Is it appropriate to carry radios and cell phones in the wilderness?
I know that many outdoorsfolk would think it gauche, but I carried a
cell phone on my last two backpacking trips, and it had a good deal to do
with my feeling comfortable enough to be out for more than a dayhike. I
called my child at night and felt that I could summon help in a true emergency.
Worked for me, and bothered no one else.
Would we consider playing rock music or accepting cell calls while in
church, mosque, or synagogue? Like a house of worship, wilderness is that
special place where we can be at peace with the universe and at one with
God. Let's leave our pagers, TVs, cell phones, and boom boxes at home.
Roger J. Wendell
I always take my shortwave radio when camping. I can hear great stations
from around the world when I'm away from the electrical interference in
the city and have a few hundred feet available to string out my antenna
North Hollywood, California
Is there such a thing as wilderness if you are still in contact with
the rest of the world? I think that some people are missing the true experience.
Is it appropriate? Only the elitist naturalists would ever ask this question!
Safety--warnings on weather and calling for help in case of accidents--is
always appropriate except to elitists!
There are those who will argue that they are necessary and will amble
off to the beautiful places on this planet with device in hand. They have
forgotten that a fundamental reason we seek out wilderness is to reconnect
with nature and the wondrous parts of ourselves that these devices have
so brusquely cut us off from.
Is it appropriate to carry an extruded aluminum hiking staff with a plastic
handle and a rubber tip? Is it appropriate to carry any products with contents
developed by DuPont? Should you wear shoes? Obviously, people take the tools
they need to accomplish their purpose in going into the wilderness. The
trick is to minimize the impact before going as well as while there. A better
question might be: is it appropriate for the modern human, with products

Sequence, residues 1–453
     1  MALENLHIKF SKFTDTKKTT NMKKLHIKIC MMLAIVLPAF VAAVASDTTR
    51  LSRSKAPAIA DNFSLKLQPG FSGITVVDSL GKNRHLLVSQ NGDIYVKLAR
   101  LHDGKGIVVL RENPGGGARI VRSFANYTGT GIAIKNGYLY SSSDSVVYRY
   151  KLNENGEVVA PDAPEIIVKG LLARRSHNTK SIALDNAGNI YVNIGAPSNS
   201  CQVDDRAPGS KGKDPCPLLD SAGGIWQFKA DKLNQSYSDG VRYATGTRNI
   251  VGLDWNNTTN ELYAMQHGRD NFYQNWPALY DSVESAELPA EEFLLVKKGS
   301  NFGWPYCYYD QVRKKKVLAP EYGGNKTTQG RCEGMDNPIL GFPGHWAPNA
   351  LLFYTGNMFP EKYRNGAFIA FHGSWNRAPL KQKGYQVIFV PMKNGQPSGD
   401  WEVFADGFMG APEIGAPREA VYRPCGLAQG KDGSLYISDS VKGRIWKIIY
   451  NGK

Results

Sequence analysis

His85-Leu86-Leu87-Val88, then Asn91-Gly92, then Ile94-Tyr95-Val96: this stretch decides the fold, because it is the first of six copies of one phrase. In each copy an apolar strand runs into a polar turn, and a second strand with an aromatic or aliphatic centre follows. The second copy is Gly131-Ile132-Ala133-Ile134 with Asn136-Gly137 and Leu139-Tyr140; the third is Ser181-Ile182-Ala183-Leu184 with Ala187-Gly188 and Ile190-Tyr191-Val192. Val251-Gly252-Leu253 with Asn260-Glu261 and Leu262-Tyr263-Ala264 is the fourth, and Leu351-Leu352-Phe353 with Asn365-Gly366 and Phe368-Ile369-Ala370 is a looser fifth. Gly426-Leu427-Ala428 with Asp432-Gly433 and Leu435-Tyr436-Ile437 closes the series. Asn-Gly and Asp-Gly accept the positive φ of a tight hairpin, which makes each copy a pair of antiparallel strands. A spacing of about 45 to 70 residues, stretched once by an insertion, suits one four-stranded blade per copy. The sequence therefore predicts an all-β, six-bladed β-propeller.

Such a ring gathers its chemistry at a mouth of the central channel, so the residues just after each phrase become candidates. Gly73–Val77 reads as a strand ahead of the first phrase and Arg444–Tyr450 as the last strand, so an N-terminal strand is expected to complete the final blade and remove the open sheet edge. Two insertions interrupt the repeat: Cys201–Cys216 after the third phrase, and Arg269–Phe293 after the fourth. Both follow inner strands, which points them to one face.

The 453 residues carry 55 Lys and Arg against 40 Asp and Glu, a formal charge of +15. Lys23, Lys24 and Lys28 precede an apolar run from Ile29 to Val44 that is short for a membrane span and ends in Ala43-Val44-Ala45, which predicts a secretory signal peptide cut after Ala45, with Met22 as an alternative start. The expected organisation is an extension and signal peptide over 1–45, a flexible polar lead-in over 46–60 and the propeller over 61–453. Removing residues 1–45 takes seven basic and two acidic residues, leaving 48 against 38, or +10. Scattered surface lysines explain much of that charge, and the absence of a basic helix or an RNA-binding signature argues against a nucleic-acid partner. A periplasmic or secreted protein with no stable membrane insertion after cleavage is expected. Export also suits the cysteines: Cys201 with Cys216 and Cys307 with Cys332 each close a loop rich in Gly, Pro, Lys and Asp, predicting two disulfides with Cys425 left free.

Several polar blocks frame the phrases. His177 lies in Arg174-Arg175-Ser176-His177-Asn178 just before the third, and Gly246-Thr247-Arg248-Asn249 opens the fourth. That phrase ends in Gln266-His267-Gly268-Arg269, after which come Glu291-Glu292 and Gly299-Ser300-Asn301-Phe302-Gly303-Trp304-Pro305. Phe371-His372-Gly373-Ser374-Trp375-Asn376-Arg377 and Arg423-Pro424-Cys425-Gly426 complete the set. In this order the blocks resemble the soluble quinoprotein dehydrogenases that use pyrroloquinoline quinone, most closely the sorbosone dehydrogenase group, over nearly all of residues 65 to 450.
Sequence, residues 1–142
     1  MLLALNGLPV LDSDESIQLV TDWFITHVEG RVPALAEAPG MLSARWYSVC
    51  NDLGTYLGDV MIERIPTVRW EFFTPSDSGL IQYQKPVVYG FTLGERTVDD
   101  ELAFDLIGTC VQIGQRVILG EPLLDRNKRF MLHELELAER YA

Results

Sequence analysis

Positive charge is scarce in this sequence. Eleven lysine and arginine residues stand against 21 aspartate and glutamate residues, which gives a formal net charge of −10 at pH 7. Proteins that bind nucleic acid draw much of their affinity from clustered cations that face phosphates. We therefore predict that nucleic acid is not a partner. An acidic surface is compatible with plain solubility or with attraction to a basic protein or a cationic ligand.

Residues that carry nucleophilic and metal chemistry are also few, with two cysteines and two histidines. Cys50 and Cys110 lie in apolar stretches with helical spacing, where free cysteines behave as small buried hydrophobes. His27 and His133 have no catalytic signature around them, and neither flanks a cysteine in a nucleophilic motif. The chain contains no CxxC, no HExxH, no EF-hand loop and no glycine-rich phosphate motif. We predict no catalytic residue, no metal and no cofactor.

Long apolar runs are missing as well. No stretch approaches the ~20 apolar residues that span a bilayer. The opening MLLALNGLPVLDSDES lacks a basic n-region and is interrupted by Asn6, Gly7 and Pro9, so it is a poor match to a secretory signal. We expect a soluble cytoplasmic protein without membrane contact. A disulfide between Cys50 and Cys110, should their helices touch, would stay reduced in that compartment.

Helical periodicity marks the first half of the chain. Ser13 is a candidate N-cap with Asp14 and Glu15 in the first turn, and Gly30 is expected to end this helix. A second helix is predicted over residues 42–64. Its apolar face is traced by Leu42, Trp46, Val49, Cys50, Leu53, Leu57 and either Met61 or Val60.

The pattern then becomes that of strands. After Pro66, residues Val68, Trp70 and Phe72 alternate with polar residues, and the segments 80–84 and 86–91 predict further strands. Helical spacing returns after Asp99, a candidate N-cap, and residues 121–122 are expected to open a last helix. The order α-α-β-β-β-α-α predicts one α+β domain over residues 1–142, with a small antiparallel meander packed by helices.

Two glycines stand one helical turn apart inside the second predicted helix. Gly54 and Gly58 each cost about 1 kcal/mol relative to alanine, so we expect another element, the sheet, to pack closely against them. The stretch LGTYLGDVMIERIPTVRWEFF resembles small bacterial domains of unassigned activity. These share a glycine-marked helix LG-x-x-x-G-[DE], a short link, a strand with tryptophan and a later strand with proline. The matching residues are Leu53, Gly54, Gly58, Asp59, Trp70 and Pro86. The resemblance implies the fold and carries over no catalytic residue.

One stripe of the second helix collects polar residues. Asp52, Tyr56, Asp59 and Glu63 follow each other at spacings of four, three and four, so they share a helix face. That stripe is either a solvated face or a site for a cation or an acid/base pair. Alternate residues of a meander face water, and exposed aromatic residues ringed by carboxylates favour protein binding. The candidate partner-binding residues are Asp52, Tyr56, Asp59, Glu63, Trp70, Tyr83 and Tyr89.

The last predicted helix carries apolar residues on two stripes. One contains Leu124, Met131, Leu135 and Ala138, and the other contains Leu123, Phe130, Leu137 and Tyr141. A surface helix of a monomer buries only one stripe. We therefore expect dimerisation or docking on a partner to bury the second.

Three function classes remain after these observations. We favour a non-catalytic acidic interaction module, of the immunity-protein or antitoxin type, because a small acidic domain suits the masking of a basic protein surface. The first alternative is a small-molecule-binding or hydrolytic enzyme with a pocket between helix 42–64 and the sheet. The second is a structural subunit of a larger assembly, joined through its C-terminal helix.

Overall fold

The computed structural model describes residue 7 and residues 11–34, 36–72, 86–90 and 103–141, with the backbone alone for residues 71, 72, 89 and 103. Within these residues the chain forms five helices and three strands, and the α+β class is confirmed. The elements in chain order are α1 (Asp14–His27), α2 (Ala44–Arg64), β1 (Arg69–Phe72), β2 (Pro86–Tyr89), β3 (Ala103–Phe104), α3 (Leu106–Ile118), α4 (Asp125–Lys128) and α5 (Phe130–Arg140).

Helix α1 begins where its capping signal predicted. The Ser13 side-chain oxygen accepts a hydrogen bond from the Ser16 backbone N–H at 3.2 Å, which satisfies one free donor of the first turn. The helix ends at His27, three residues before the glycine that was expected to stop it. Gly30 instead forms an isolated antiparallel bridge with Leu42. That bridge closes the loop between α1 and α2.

from corporations of questionable ethics, to go into the wilderness at all?
Hewitt, New Jersey
Cell phones and radios do not affect rivers, soil, trees, squirrels,
and moose any more than any conversation between two humans in the wilderness.
Yelling for your dog or cursing out your mountain bike invade a much larger
space. Unless conversations between people in the wild are regulated, then
conversations in which one person is outside of the wilderness should not
be. But please be discreet. Whether using your phone or thinking of calling
to a friend across the lake, minimize your presence.
Kirk L. Nichols
Salt Lake City, Utah
Last summer a dear friend's heart failed while he was camping. His group
had no cell phone to call for immediate help. One hour and fifteen minutes
later, a Med Evac helicopter arrived. Even though CPR was performed, he
died. Take the technology with you, but use it only for emergencies.
San Francisco, California
If I saw someone carrying a cell phone in the wilderness I'd say, Go
home! Take a vacation in some flashy resort. You're not suited for the wilderness.
San Diego, California
Compared to the all-terrain vehicle and snowmobile, the radio and cell
phone are harmless toys that can save lives. There is plenty of room for
abuse, but I believe the vast majority of people are "out there"
to blend in, not to disrupt.
Sayville, New York
Be self-reliant. Leave your radio, cell phone, and camera at home. The
pictures in your head don't disappear.